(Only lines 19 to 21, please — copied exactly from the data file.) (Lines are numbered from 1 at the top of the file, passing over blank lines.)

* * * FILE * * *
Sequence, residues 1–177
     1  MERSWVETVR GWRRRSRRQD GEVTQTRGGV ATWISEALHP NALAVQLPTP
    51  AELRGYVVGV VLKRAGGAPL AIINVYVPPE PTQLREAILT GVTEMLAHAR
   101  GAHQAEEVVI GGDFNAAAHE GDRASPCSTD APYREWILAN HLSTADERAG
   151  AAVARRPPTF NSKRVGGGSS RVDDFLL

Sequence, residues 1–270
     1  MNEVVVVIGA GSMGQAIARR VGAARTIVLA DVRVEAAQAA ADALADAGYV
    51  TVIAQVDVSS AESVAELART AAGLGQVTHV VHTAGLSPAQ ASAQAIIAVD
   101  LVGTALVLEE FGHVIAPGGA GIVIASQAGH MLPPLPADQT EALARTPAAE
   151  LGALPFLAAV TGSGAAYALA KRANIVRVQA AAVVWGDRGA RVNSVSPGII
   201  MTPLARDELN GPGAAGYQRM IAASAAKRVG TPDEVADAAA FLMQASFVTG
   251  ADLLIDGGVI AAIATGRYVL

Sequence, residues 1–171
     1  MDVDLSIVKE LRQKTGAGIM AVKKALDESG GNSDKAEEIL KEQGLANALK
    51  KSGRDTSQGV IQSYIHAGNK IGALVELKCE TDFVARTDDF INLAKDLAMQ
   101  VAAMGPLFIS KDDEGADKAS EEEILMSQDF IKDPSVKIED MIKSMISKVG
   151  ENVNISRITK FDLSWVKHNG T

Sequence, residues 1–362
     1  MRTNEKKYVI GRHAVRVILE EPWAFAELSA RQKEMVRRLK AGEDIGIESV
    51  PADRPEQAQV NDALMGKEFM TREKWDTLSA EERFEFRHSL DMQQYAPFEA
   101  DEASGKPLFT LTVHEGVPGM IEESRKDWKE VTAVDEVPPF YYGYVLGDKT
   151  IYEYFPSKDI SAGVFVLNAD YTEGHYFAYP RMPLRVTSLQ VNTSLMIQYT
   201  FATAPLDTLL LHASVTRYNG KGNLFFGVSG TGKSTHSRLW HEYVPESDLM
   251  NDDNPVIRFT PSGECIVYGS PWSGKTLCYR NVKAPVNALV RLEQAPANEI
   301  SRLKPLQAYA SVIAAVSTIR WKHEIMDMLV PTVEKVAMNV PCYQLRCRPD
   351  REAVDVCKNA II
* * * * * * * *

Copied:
     1  MRTNEKKYVI GRHAVRVILE EPWAFAELSA RQKEMVRRLK AGEDIGIESV
    51  PADRPEQAQV NDALMGKEFM TREKWDTLSA EERFEFRHSL DMQQYAPFEA
   101  DEASGKPLFT LTVHEGVPGM IEESRKDWKE VTAVDEVPPF YYGYVLGDKT